Measuring intraocular pressure
The intraocular pressure should be checked regularly, as too high an intraocular pressure can constrict the optic nerve and thus damage it. In the worst case, this can lead to blindness. The measurement of the intraocular pressure is called tonometry.
There are now different procedures for this. – A very outdated and not very accurate method is the impression tonometry. Here the patient has to put his head back and the tonometer is placed directly on the cornea to measure the intraocular pressure.
Depending on how heavy the weights have to be, which lead to a flatter cornea, one can thus determine the intraocular pressure. – Also somewhat outdated, but still quite accurate by 2 mmHg, is the palpation of the closed eye with the fingers. This palpation can easily be done by the patient himself at home, once he has been shown and explained what he has to pay attention to.
There is also a self-tonometer, which works according to the same principle as an applanation tonometer. The patient is thus able to take a relatively exact measurement of the intraocular pressure from home without having to see an ophthalmologist (the necessary contact with the cornea can be compared to the insertion of a contact lens). – Applanation tonometry according to Goldmann is much more accurate.
First the eye is anaesthetized with a local anaesthetic and then a fluorescence-labelled solution is drizzled into the connective tissue sac of the skin. Now a measuring body is applied, which is attached to a spring balance. The cornea now generates a certain pressure on this measuring body.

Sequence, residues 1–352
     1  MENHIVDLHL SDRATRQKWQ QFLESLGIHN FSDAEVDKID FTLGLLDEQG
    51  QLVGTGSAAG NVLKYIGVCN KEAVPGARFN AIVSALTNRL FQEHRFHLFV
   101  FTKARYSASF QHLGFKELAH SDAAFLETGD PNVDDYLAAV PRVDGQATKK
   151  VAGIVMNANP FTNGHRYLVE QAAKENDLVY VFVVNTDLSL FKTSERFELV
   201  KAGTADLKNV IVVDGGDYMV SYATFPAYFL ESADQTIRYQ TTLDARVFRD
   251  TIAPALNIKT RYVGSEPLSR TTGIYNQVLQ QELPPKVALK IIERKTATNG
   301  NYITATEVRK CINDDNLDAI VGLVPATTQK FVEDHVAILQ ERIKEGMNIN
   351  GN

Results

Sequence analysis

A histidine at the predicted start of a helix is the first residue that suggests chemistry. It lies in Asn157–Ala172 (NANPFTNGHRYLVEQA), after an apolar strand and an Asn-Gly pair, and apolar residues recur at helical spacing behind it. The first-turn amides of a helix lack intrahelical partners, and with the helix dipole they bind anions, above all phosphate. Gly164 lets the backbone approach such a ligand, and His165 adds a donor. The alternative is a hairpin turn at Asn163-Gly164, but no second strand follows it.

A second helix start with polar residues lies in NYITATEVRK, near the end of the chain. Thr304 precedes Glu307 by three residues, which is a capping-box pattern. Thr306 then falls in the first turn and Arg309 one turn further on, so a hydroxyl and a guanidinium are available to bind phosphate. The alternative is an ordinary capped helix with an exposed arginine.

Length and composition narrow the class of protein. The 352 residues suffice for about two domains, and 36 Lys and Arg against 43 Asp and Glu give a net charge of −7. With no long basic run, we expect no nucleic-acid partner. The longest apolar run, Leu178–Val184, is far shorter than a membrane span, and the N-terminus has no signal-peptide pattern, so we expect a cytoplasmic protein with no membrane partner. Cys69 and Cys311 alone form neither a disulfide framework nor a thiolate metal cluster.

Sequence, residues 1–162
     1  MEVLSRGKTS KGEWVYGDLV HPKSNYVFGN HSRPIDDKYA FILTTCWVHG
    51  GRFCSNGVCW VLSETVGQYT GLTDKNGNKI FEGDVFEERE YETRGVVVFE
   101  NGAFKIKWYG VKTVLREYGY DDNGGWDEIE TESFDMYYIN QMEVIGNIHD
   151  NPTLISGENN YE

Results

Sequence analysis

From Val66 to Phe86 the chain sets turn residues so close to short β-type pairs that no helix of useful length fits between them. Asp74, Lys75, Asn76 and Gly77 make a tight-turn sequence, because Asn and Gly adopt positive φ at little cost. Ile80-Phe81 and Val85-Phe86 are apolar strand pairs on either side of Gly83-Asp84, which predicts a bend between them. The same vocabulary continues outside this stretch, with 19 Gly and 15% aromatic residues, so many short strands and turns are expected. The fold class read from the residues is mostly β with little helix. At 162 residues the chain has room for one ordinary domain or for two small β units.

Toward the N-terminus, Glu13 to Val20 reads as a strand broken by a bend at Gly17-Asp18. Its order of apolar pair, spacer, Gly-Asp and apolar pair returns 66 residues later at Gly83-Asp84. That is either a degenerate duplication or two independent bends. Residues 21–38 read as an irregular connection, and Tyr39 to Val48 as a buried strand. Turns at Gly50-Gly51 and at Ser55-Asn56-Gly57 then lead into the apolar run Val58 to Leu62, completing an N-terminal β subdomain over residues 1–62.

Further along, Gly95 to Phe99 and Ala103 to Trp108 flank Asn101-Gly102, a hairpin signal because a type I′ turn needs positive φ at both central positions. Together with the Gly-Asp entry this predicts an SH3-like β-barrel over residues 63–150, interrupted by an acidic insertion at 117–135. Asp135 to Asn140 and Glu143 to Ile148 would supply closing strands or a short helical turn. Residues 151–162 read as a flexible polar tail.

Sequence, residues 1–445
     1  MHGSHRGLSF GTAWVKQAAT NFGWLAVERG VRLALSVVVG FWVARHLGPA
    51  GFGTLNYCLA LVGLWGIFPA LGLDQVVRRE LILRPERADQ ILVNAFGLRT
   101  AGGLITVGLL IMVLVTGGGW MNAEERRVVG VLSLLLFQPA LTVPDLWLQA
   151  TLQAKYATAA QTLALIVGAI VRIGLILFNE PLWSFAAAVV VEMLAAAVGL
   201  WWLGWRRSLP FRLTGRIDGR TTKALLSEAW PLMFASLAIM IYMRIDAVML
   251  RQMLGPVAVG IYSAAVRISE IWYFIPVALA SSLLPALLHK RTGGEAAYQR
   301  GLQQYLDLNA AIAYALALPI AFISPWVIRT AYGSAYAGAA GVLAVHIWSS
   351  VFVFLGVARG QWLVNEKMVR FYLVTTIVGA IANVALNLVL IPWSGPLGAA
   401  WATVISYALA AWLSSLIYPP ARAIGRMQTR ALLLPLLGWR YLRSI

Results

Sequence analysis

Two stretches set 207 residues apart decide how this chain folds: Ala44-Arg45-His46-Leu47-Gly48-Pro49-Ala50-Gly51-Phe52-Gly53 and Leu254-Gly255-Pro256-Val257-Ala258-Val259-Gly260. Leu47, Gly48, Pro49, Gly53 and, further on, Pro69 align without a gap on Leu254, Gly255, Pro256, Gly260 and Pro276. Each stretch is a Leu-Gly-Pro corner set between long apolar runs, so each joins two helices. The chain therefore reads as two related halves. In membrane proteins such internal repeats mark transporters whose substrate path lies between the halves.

The pressure needed to bend the measuring body is the intraocular pressure which can be read off the spring balance. This standard procedure bears almost no risk for the patient. Only in very rare cases can tiny corneal injuries or infections of the eye occur.
- In special cases, for example, when the eyes are already pre-damaged or direct contact with the cornea would not be advisable for other reasons, the intraocular pressure can also be determined using a non-contact tonometer. This works with a blast of air which flattens the cornea very slightly, so that the doctor can then calculate the intraocular pressure based on the duration and strength of the required air flow. However, this method is not the most reliable and is rarely used.
- Another way to measure intraocular pressure is Dynamic Contour Tonometry. Here, the cornea is not flattened, compared to all other methods. A certain pressure is created between the measuring head and the cornea. This pressure is the intraocular pressure. Since the measuring method is very accurate and can be repeated frequently, this is the method of choice.